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Acts 1:9

    Acts 1:9 Translations

    King James Version (KJV)

    And when he had spoken these things, while they beheld, he was taken up; and a cloud received him out of their sight.

    American King James Version (AKJV)

    And when he had spoken these things, while they beheld, he was taken up; and a cloud received him out of their sight.

    American Standard Version (ASV)

    And when he had said these things, as they were looking, he was taken up; and a cloud received him out of their sight.

    Basic English Translation (BBE)

    And when he had said these things, while they were looking, he was taken up, and went from their view into a cloud.

    Webster's Revision

    And when he had said these things, as they were looking, he was taken up; and a cloud received him out of their sight.

    World English Bible

    When he had said these things, as they were looking, he was taken up, and a cloud received him out of their sight.

    English Revised Version (ERV)

    And when he had said these things, as they were looking, he was taken up; and a cloud received him out of their sight.

    Clarke's Commentary on Acts 1:9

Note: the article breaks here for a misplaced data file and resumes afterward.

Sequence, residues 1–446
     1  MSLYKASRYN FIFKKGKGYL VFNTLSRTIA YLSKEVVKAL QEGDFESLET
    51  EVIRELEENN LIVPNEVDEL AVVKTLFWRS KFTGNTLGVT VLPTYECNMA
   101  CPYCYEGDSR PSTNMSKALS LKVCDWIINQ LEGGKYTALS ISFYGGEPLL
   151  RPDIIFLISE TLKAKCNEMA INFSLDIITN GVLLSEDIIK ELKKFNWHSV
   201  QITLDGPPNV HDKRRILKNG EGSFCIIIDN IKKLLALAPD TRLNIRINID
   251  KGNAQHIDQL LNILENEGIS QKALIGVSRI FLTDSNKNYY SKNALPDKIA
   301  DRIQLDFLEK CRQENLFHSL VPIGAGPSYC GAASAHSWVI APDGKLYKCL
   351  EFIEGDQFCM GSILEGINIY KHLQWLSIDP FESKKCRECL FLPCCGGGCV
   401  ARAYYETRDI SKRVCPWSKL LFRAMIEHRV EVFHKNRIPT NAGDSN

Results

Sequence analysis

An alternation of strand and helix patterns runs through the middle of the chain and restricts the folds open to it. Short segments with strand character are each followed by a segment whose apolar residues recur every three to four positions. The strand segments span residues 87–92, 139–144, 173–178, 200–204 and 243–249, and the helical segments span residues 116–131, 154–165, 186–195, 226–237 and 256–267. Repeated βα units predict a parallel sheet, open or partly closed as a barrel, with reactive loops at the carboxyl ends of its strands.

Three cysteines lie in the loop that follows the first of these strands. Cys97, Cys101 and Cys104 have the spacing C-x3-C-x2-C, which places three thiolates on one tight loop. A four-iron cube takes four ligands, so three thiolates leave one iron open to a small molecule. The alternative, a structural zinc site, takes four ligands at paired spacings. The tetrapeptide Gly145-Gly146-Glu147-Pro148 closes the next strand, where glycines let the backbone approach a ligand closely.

He was taken up - He was speaking face to face with them, and while they beheld he was taken up; he began to ascend to heaven, and they continued to look after him till a cloud received him out of their sight - till he had ascended above the region of the clouds, by the density of which all farther distinct vision was prevented. These circumstances are very remarkable, and should be carefully noted. They render insupportable the theory that states, "that our Lord did not ascend to heaven; that his being taken up signifies his going into some mountain, the top of which was covered with clouds, or thick vapours; and that the two men in white garments were two priests, or Levites, who simply informed the disciples of his revisiting them again at some future time." One would suppose that an opinion of this kind could hardly ever obtain credit among people professing Christianity; and yet it is espoused by some men of considerable learning and ingenuity. But the mere letter of the text will be ever sufficient for its total confutation. He that believes the text cannot receive such a miserable comment. Foreign critics and divines take a most sinful latitude on subjects of this kind.